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Might3Mouse Jun 23, 2013 11:26 AM
Possibilities
Hey y'all, I got a question I have been searching for atleast a yes or no on.

If I have a macbook from mid 2007 which has a bum screen. Could I take a working screen from a not important pc and merge the two into a monster? Like could I patch together these two and have a functioning macbook that would display on the pc screen? Im curious as hell to know if anyone has dared to try this?
 
Spheric Harlot Jun 23, 2013 01:57 PM
You could just attach any old external monitor (using a mini-DVI to DVI or VGA adapter) and run the Macbook with the lid closed — so-called "clamshell mode".

If you have an external mouse and keyboard attached, put the Macbook to sleep by closing the lid after it's booted up, then wake it up with a keypress, and it will recognize the external screen as the only screen.
 
shifuimam Jun 23, 2013 03:12 PM
Theoretically, you could install a different LCD in the MacBook. LCDs are pretty much standardized across the board - the difference these days is between LED and traditional CCFL backlighting, the latter of which requires an inverter to power the lamp.

It's really just a matter of finding a replacement LCD that fits the mounting brackets and has the right LVDS connection on the display end. I think - but don't quote me on this - that by now, laptop LCDs all use the same LVDS pinout and connection, for the sake of simplicity. I've disassembled a hell of a lot of laptops in the past 5 years, and anything made after about 2005 has the same kind of 30-pin or 20-pin connector on the LCD side (I think some smaller 10-11" netbook screens use a 20-pin connector).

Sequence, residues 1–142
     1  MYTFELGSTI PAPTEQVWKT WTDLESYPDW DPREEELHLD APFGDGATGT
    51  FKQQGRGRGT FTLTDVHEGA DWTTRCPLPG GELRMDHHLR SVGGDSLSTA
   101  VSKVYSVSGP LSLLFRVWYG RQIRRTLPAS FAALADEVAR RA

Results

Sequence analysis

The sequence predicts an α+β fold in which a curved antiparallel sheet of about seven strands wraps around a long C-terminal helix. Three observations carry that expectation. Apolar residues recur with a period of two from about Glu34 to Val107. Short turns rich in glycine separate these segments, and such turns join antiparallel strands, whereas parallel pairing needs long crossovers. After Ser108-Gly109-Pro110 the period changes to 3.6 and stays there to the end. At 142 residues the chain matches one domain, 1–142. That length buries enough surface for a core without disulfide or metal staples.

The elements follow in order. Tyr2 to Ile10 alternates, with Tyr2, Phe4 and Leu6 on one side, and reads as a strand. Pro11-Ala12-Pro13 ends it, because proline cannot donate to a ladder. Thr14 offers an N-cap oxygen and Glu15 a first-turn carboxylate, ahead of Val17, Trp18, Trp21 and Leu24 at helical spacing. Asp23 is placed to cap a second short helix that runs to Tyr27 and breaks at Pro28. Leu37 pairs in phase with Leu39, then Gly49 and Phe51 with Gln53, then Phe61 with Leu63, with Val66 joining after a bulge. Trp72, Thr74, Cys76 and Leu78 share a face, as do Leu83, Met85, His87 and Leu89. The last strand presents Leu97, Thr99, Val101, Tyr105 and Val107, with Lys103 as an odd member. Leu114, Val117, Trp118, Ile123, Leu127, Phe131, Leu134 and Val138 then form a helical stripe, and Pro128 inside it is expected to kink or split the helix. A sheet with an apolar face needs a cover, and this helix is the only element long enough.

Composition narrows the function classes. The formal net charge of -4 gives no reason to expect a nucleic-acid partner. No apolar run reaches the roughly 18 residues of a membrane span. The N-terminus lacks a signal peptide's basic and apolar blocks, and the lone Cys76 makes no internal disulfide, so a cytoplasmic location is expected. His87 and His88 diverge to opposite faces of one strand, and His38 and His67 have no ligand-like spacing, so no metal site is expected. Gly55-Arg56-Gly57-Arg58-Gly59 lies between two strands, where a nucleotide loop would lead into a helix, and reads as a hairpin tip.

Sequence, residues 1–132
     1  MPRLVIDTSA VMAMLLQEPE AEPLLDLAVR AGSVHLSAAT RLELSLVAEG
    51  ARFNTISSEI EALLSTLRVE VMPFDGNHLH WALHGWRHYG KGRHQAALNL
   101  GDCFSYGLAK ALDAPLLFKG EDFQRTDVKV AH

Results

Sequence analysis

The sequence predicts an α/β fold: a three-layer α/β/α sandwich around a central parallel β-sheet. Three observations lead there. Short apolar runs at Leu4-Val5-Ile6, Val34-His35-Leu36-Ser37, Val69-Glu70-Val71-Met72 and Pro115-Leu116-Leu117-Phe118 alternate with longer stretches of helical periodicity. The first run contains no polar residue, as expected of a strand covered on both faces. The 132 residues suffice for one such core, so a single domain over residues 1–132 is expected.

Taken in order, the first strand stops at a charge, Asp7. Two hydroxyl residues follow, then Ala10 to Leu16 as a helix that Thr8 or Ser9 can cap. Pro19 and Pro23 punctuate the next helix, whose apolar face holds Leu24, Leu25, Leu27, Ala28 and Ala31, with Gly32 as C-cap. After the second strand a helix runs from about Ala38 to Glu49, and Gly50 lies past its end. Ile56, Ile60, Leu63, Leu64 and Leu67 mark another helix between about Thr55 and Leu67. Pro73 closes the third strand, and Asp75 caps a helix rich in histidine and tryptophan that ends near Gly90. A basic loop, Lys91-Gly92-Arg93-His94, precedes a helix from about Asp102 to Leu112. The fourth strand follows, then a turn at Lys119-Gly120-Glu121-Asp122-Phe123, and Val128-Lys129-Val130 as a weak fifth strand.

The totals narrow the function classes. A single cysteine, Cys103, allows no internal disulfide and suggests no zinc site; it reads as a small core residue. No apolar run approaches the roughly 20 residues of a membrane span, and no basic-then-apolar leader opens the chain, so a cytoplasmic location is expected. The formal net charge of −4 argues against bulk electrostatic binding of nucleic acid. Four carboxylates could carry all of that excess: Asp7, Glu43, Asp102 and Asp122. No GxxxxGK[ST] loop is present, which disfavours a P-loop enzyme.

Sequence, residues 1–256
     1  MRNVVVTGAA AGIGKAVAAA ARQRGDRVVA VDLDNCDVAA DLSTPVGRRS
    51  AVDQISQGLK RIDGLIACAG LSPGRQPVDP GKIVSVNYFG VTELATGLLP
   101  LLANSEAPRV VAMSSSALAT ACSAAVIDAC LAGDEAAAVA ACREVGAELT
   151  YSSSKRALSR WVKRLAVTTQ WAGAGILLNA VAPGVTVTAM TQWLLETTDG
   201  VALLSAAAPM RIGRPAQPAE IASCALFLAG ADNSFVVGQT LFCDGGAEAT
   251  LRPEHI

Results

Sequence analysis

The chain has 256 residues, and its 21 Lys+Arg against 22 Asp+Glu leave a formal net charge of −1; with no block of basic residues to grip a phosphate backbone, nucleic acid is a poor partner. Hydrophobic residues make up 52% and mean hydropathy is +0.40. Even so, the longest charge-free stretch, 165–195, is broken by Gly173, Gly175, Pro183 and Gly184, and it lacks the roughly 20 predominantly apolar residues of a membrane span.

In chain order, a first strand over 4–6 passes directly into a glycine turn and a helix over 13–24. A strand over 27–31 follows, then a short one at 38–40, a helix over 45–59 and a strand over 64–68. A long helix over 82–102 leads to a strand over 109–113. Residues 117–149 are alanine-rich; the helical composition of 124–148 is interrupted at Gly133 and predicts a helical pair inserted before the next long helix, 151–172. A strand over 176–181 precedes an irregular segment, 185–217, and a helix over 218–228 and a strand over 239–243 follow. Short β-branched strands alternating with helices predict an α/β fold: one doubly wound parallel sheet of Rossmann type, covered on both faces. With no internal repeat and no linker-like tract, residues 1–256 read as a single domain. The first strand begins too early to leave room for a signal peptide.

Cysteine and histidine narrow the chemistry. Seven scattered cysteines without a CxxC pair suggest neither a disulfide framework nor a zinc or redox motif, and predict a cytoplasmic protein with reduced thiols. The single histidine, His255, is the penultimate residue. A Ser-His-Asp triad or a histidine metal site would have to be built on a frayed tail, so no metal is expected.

If you have a laptop you don't care much about, go ahead and yank the LCD, plug it into the MacBook's LVDS and inverter power cables, and see what happens. Absolute worst case scenario is that something in the LVDS cable is incompatible with the LCD, and you end up blowing something in the LCD's circuitry. What's more likely is that (a) the LCD won't display any image at all, (b) the displayed image will be distorted (this happened to me when I tried to use an LCD from an HP laptop in my clamshell iBook), or (c) it'll work just fine and everything will be super peachy.

You won't know until you try. It's very unlikely that you will break anything beyond repair, and it's more or less impossible for you to kill your laptop - the LCD doesn't have anything in it that can fry the machine, as long as the backlight is compatible. A 2007 MacBook has a CCFL backlight. As long as your replacement LCD is the same, you'll be fine hooking it up and testing.
 
Spheric Harlot Jun 23, 2013 03:31 PM
Most common defect is the cable, though. And that's a bitch to replace.
 
shifuimam Jun 23, 2013 05:04 PM
Hah. Not nearly as bad as in an alumnium iMac. A pre-unibody MacBook LVDS cable replacement isn't difficult, just a little time-consuming because of the number of screws that have to be removed.
 
P Jun 24, 2013 06:43 AM
I thought that OEMs planned to move to eDP for internal display connections. Obviously not relevant for a 2007 Mac, but that was always the stated reason for much of the support for DP over HDMI. Did that not happen?
 
shifuimam Jun 24, 2013 10:22 AM
Correction:

I so hate being wrong, but wanted to post for science - I had to replace my E6410's LCD myself today, and it is indeed an eDP cable.

Learned something new today!
 
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